Obtaining an Annulment
The family lawyers at Tournour & Weiner, with offices in Freehold and East Brunswick, NJ, have represented many clients in marriage law cases. They can help you determine if you are able to pursue an annulment and can guide you through the process. In the eyes of the law, an annulment essentially substantiates that a marriage happened. It is a suitable alternative for couples wanting to avoid legal separation or divorce. If you are considering an annulment, contact our law firm online or call (732) 637-5044 to schedule a consultation.
What is an Annulment?
Couples who seek an annulment can legally say they have never been married. This is unlike a divorce, which acknowledges that the marriage was valid and dissolves the marital contract. It is also unlike legal separation, which not only recognizes the validity of a marriage but does not actually terminate the marriage.
Couples who seek an annulment can legally say they have never been married.
Grounds for Annulment and Other Influential Factors
State laws on civil annulments vary from state to state. In the state of New Jersey, one must establish one of several grounds for an annulment:
- Misrepresentation or fraud
- Concealment of major issues, such as children from prior relationships, an inability to have children, or a debilitating addiction
- One or both parties were under the influence of drugs or alcohol at the time of the marriage
- One or both parties were underage at the time of the marriage
- One spouse was legally married to another person when the marriage took place (bigamy)
There are numerous reasons to seek an annulment rather than a divorce or separation. For many couples, there are financial considerations, such as preventing the need for alimony payments. An annulment aims to restore each party to their financial status at the time of the marriage. This avoids the need for alimony and also allows for a simplified division of property. Generally, each party keeps whatever property they had prior to the marriage, and they are not subject to the constraints of “marital property.”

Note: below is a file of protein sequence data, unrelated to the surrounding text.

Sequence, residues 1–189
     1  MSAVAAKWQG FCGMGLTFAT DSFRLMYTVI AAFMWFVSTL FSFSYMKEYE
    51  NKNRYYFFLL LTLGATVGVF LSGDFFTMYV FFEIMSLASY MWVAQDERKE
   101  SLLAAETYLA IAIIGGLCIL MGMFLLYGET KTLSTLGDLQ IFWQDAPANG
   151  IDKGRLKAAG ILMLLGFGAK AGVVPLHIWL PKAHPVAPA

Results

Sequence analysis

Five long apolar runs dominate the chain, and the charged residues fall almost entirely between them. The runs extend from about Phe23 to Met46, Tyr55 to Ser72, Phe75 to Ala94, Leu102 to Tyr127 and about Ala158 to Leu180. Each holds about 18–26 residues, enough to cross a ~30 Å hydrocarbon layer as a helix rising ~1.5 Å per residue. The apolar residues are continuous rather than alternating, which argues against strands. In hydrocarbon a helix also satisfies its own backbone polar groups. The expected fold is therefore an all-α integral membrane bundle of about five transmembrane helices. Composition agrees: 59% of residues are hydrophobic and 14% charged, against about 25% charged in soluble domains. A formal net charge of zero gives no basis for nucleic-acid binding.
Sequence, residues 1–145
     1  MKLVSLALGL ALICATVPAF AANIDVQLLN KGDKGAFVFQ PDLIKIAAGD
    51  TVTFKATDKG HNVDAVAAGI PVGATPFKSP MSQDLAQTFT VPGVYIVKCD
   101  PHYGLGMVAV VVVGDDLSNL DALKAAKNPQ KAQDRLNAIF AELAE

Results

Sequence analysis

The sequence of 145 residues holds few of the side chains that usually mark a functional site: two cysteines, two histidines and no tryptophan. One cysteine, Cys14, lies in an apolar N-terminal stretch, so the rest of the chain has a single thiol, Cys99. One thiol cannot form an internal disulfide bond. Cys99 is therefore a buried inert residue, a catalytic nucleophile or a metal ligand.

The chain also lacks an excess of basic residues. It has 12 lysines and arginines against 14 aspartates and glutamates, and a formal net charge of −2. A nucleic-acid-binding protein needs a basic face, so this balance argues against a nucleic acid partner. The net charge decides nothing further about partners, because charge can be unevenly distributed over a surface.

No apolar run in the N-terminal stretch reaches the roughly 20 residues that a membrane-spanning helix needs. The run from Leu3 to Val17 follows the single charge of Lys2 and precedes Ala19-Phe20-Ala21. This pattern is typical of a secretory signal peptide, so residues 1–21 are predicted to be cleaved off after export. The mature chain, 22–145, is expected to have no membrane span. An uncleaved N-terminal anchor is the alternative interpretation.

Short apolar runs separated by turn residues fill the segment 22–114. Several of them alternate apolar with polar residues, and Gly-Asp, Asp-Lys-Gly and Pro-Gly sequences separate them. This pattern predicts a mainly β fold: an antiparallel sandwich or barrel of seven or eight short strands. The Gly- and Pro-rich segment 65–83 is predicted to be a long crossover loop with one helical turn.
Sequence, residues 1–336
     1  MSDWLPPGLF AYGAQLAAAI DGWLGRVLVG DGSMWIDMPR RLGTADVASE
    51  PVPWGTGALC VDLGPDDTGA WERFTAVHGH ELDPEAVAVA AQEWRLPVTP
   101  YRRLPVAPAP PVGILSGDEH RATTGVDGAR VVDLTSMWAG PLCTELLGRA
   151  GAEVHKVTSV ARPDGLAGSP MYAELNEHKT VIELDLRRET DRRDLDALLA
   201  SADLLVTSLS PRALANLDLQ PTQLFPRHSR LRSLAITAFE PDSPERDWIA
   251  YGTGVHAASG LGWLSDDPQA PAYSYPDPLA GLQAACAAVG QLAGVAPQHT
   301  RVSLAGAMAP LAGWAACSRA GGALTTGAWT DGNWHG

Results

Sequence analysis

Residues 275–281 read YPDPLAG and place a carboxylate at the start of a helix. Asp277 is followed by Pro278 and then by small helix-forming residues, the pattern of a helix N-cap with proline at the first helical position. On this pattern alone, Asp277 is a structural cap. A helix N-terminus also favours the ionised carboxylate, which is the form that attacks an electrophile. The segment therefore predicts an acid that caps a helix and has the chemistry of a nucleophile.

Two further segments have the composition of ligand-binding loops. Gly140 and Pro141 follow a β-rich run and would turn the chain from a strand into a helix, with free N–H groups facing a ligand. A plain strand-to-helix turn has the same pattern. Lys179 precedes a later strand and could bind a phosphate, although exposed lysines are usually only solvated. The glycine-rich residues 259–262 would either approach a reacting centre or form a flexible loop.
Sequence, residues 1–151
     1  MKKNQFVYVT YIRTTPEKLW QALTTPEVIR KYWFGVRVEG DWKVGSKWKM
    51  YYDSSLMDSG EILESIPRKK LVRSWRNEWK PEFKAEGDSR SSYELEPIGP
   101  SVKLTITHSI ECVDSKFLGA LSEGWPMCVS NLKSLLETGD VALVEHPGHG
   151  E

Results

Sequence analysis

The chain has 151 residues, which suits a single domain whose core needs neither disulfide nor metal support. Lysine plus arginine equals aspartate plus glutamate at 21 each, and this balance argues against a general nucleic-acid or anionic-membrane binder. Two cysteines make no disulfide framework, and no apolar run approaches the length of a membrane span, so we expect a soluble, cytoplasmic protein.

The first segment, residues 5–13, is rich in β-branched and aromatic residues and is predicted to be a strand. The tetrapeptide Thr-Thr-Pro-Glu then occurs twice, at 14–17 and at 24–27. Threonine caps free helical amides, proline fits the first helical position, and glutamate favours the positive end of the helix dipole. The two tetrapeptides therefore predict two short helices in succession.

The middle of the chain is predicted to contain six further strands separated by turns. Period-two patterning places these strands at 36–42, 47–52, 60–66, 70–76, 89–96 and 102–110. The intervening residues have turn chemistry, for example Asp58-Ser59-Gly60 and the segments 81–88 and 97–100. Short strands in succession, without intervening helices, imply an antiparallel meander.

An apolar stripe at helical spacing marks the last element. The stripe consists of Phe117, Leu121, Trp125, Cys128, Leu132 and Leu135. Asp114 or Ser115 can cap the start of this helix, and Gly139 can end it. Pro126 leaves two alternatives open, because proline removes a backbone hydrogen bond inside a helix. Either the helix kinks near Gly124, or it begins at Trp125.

An annulment is also an option if you want to reinstate benefits you had prior to the marriage. If you received alimony from a previous marriage, you may be able to reinstate those payments after an annulment. Federal benefits like Social Security can also end when a beneficiary remarries. If your marriage is annulled, you can argue that you are still eligible to collect those benefits.
Although an annulment is a civil action, there are often religious considerations at stake as well. Some religions do not allow those who have been divorced to remarry. Because an annulment treats the marriage as though it never happened, parties of some religious faiths are free to remarry.
Contact Our Law Firm Today
Annulments can be quite complex. If you want to explore your eligibility for an annulment and learn more about how it can benefit you, you need advice from legal counsel. Contact Tournour & Weiner online today or call (732) 637-5044 to schedule a consultation.
“I had an excellent experience with Mr. Tournour - He was available for my calls and handled everything to perfection. Had my back in every aspect. I would highly recommend him.” Renee - Client